of the Center for Children's Books
|The Bulletin Dozen is a monthly theme-based booklist available
as an online-only Bulletin feature. Since we're awfully fond of bakers
here at the Bulletin, we thought we'd adopt their philosophy of generosity
and throw in an extra one or two when we have them to offer--so don't expect
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Losing: The Lost and the Losses
--selected by Kate McDowell
I remember the first time I finished a book and instantly started reading
it from the beginning again. The book was Katherine Paterson's Bridge
to Terabithia, and I was so stunned by the truthful depiction of a
loss, so overwhelmed by the palpably complex emotional world of losing
a best friend, that I immediately wanted to plunge back in, tears and
all, to try and sort out my intense feelings about the fictional loss.
While not all of the books on this list have the unforgettable impact
of Paterson's classic, they all deal with losses on one scale or another,
ranging from the loss of a pet mouse to the tragic wartime loss of home,
country, and innocence. Among these titles are many stories of healing
from loss by doing what is both necessary and difficult: letting go and
moving on. We hope you enjoy this list of books about losing, getting
lost, and cutting your losses.
--Kate McDowell, Reviewer
- Bagdasarian, Adam. Forgotten Fire. Kroupa/DK Ink, 2000 Gr. 7-12
Based on the events of the 1915 Armenian Massacre, the story of Vahan's young
life is full of losses; he loses his home, his entire family (one member at
a time) and his identity, all too systematic ethnic majority/minority
- Cormier, Robert. The Rag and Bone Shop. Delacorte, 2001 Gr. 7-12
Twelve-year-old Jason fears that he is losing his mind when expert investigator
Trent questions him accusingly about the murder of Jason's seven-year-old
neighbor, Alicia. (BCCB 12/01)
- Fleischman, Paul. Seek. Marcato/Cricket, 2001 Gr. 6-10
Rob lost his father before he was born, when his disc jockey dad ran out on
Rob's pregnant mom. Now he is looking for clues to his father's life by poring
over tapes of his father's old radio show and trying to find him via shortwave
radio. (BCCB 11/01)
- Fraustino, Lisa Rowe. The Hickory Chair. Illus. by Benny Andrews.
Levine/Scholastic, 2001 4-8 yrs
Louis, blind since birth, remembers with fondness the grandmother he lost
many years ago who always used to leave little notes for her family. Then
Louis's own grandchild finds an old note written in the grandmother's hand
that has remained hidden in Louis's favorite chair all these years: "For my
favorite youngest grandchild with blind sight." (BCCB 04/01)
- Goodall, Jane. The Chimpanzees I Love: Saving Their World and Ours.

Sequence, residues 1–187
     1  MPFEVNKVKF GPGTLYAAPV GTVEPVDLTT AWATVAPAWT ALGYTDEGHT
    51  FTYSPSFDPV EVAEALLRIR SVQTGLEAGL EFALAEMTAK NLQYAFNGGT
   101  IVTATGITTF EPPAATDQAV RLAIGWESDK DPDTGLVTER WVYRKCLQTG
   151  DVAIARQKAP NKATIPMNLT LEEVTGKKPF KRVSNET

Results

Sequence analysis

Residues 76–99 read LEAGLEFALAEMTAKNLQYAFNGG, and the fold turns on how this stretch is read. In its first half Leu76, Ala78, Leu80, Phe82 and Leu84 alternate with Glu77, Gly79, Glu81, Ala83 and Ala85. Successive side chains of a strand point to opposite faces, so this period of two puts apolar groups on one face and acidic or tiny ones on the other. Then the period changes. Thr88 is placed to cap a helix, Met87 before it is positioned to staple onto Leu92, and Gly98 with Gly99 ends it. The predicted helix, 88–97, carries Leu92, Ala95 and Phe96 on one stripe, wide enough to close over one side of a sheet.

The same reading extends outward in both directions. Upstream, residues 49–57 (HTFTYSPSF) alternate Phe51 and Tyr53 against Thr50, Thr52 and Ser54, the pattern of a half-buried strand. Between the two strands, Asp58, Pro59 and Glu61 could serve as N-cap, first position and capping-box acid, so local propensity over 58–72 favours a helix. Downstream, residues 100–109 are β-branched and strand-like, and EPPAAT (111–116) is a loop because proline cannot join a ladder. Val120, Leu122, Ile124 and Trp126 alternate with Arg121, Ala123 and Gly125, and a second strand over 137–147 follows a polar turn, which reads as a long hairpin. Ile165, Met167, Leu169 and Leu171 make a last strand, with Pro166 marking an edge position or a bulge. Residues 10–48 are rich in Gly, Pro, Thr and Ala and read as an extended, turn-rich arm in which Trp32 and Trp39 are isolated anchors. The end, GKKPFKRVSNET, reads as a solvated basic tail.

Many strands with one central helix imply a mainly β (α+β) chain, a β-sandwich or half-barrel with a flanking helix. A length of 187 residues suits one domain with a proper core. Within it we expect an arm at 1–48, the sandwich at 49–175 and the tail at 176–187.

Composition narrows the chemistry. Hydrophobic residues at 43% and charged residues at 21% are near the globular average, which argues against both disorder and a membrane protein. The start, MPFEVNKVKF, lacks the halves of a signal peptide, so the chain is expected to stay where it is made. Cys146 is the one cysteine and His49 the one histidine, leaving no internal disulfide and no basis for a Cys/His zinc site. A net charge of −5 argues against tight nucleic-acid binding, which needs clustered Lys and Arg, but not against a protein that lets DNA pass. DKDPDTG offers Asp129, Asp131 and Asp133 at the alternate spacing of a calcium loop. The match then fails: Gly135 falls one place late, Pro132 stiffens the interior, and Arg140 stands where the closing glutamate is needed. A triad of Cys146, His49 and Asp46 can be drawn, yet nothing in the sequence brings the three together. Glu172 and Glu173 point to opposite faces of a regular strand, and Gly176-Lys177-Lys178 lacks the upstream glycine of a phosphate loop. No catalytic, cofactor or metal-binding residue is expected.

Illus. with photographs. Preiss/Scholastic, 2001 Gr. 3-6
Although much habitat for Goodall's beloved chimpanzees has already been lost,
there is still much to be saved, and Goodall offers young people inspiration
for following in her footsteps and preventing further losses of our natural
world. (BCCB 2/02)
- Harris, Robie H. Goodbye Mousie. Illus. by Jan Ormerod. McElderry,
2001 3-6 yrs
A young boy's beloved mouse dies, and he grieves for the loss as he begins
to understand the permanence of death. Although his feelings are intense,
his recovery is reasonably swift, and in the end the boy contemplates the
possibility of having another pet someday. (BCCB 10/01)
- Howe, James. The Color of Absence: 12 Stories about Loss and Hope.
Simon, 2001 Gr. 7-12
In this collection of stories, Howe shows young people dealing with different
kinds of loss. The stories present various perspectives on how to live through
the inevitable losses that people must eventually face. (BCCB 12/01)
- Jacobsen, Ruth. Rescued Images. Written and illus. by Ruth Jacobsen.
Mikaya, 2001 Gr. 6 up
In this memoir, Jacobsen recounts life as a child in hiding during World War
II, during which she was shuffled from house to house and family to family
until she had lost almost all sense of her own identity. (BCCB 2/02)
- Littke, Lael. Lake of Secrets. Holt, 2002 Gr. 6-9
"Carlene Carter has lived her life in the shadow of Keith, her 'lost brother,'
who disappeared when he was only four (three years before Carlene was even
born)." Carlene's mother is convinced that Keith is alive somewhere, and she
moves the family back to the Lake Isadora, where Keith is thought to have
drowned, to prove that he is not dead. (BCCB 4/02)
- Nye, Naomi Shihab. What Have You Lost? Greenwillow, 1999 Gr. 7-12
Although there are some familiar names represented in this outstanding poetry
collection, Nye also includes lesser-known poets from all over the world,
many of them students in her poetry workshops, in this richly varied assortment
of poems about loss. (BCCB 3/99)
- Shreve, Susan. Blister. Levine/Scholastic, 2001 Gr. 5-8
Alyssa Reed's sister was stillborn, and she and her family are devastated
by the loss of the life that they hoped to see grow. She and her mother move
to a new apartment, her father moves out, and Alyssa renames herself with
a name suited to her rage about the lost security of her former life: Blister.
- Walker, Sally M. Fossil Fish Found Alive: Discovering the Coelacanth.
Illus. with photographs. Carolrhoda, 2002 Gr. 4-9
Sometimes things that are thought to be lost can be found again. That is the
case with the mysterious fish called the coelacanth, which was thought to
be long extinct, until a specimen turned up in South Africa and opened the
curtains on an international scientific drama. (BCCB 4/02)
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This page was last updated on September 1, 2002.